Tags

Type your tag names separated by a space and hit enter

The impact of paralytic bovine rabies transmitted by vampire bats in Latin America and the Caribbean.
Rev Sci Tech. 2018 Aug; 37(2):451-459.RS

Abstract

The effective control of dog rabies in Latin America is justifiably seen as a major success in the struggle to limit this devastating zoonosis. However, rabies remains a problem, due to the presence of the virus in bat populations throughout the region, including vampire bats. Vampire bats obtain nutrition exclusively through consuming blood by biting mammals and birds. This makes the species a highly efficient vector of the rabies virus, responsible for sporadic outbreaks of rabies in human populations and numerous cases of rabies in livestock. This, in turn, causes economic losses to the farming industry in countries throughout the region. For over four decades, efforts to control rabies have been directed at controlling the reservoir species and vaccinating cattle. However, this approach has not eliminated rabies in livestock. A major barrier to innovation in vampire rabies control is a lack of consistent surveillance to establish the extent of the problem. This precludes any calculation of its cost to the economy or the cost of potential solutions, such as vaccinating livestock. This paper outlines the problem of livestock rabies in Latin America and considers factors that influence the economic cost of potential solutions to this continuing challenge to human and livestock health.

Authors

No affiliation info availableNo affiliation info available

Pub Type(s)

Journal Article

Language

eng

PubMed ID

30747135

Citation

Johnson, N, and J A. Montano Hirose. "The Impact of Paralytic Bovine Rabies Transmitted By Vampire Bats in Latin America and the Caribbean." Revue Scientifique Et Technique (International Office of Epizootics), vol. 37, no. 2, 2018, pp. 451-459.
Johnson N, Montano Hirose JA. The impact of paralytic bovine rabies transmitted by vampire bats in Latin America and the Caribbean. Rev Sci Tech. 2018;37(2):451-459.
Johnson, N., & Montano Hirose, J. A. (2018). The impact of paralytic bovine rabies transmitted by vampire bats in Latin America and the Caribbean. Revue Scientifique Et Technique (International Office of Epizootics), 37(2), 451-459. https://doi.org/10.20506/rst.37.2.2814
Johnson N, Montano Hirose JA. The Impact of Paralytic Bovine Rabies Transmitted By Vampire Bats in Latin America and the Caribbean. Rev Sci Tech. 2018;37(2):451-459. PubMed PMID: 30747135.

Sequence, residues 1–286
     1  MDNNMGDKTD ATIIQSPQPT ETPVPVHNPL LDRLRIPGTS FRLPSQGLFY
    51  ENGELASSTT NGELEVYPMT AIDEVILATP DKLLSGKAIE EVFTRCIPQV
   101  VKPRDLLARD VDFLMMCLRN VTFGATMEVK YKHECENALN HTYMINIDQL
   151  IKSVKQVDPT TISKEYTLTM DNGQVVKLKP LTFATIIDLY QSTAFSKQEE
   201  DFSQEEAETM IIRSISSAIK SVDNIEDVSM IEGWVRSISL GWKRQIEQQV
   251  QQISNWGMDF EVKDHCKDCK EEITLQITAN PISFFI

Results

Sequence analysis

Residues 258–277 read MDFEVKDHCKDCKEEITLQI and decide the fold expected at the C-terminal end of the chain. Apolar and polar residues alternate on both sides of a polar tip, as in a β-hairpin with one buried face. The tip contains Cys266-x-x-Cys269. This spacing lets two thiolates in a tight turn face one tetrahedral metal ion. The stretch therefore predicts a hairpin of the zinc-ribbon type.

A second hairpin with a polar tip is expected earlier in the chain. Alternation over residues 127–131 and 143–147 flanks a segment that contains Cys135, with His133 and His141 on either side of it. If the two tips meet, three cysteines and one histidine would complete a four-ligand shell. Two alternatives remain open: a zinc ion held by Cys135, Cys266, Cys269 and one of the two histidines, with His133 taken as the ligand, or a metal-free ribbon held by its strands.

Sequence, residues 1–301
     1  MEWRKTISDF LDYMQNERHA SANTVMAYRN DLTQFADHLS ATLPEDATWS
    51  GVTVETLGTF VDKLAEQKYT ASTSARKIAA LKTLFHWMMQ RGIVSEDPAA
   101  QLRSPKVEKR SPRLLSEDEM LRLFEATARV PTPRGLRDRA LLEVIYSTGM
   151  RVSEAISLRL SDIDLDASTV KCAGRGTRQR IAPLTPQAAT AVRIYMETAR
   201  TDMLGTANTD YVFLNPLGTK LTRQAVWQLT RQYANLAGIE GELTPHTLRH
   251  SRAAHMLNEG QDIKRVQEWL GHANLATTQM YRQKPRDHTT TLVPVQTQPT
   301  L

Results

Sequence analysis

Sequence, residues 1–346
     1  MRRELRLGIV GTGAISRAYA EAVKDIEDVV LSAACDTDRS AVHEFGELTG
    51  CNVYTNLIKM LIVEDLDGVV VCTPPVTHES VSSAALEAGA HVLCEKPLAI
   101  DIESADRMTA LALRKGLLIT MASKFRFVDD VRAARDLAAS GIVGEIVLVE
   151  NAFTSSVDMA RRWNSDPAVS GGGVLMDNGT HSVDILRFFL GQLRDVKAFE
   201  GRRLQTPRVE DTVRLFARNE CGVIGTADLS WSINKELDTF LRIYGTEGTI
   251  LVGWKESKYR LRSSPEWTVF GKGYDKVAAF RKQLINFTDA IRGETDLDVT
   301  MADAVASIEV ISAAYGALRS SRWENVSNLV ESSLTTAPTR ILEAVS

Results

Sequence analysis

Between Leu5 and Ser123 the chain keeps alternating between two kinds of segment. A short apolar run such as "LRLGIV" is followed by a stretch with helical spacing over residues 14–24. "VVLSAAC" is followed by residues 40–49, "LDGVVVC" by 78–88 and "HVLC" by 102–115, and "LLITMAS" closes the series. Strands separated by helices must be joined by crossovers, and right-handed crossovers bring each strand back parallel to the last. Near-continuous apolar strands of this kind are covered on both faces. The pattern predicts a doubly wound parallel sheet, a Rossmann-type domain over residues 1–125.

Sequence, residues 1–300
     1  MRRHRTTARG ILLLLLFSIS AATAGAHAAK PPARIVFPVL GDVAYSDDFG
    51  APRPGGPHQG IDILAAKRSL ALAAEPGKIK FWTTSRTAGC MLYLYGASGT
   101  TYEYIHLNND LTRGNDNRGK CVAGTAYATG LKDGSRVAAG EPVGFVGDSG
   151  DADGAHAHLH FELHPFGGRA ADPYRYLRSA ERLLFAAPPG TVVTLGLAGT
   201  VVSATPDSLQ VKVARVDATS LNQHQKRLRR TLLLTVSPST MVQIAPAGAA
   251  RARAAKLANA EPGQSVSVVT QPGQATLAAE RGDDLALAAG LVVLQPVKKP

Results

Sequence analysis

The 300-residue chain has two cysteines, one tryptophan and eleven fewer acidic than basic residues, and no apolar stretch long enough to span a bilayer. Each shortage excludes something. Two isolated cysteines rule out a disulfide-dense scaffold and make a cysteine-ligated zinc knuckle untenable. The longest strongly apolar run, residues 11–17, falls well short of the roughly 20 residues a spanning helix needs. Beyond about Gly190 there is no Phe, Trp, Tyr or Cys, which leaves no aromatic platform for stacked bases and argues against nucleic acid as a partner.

* Article titles in AMA citation format should be in sentence-case
TY - JOUR T1 - The impact of paralytic bovine rabies transmitted by vampire bats in Latin America and the Caribbean. AU - Johnson,N, AU - Montano Hirose,J A, PY - 2019/2/13/entrez PY - 2019/2/13/pubmed PY - 2019/3/15/medline KW - Bovine paralytic rabies KW - Caribbean KW - Control KW - Latin America KW - Rabies KW - Vaccination KW - Vampire bat SP - 451 EP - 459 JF - Revue scientifique et technique (International Office of Epizootics) JO - Rev Sci Tech VL - 37 IS - 2 N2 - The effective control of dog rabies in Latin America is justifiably seen as a major success in the struggle to limit this devastating zoonosis. However, rabies remains a problem, due to the presence of the virus in bat populations throughout the region, including vampire bats. Vampire bats obtain nutrition exclusively through consuming blood by biting mammals and birds. This makes the species a highly efficient vector of the rabies virus, responsible for sporadic outbreaks of rabies in human populations and numerous cases of rabies in livestock. This, in turn, causes economic losses to the farming industry in countries throughout the region. For over four decades, efforts to control rabies have been directed at controlling the reservoir species and vaccinating cattle. However, this approach has not eliminated rabies in livestock. A major barrier to innovation in vampire rabies control is a lack of consistent surveillance to establish the extent of the problem. This precludes any calculation of its cost to the economy or the cost of potential solutions, such as vaccinating livestock. This paper outlines the problem of livestock rabies in Latin America and considers factors that influence the economic cost of potential solutions to this continuing challenge to human and livestock health. SN - 0253-1933 UR - https://www.unboundmedicine.com/medline/citation/30747135/The_impact_of_paralytic_bovine_rabies_transmitted_by_vampire_bats_in_Latin_America_and_the_Caribbean_ L2 - https://doi.org/10.20506/rst.37.2.2814 DB - PRIME DP - Unbound Medicine ER -